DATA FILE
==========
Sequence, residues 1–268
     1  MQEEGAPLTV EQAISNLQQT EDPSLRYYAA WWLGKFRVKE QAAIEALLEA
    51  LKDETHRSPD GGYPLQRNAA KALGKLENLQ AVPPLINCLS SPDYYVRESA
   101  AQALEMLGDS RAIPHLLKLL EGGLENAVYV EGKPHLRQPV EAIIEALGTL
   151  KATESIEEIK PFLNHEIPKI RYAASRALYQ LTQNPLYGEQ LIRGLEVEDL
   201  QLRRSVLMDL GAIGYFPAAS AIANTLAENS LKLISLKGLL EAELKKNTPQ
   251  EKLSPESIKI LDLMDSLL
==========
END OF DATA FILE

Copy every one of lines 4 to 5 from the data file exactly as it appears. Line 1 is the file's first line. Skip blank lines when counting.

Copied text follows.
   101  AQALEMLGDS RAIPHLLKLL EGGLENAVYV EGKPHLRQPV EAIIEALGTL
   151  KATESIEEIK PFLNHEIPKI RYAASRALYQ LTQNPLYGEQ LIRGLEVEDL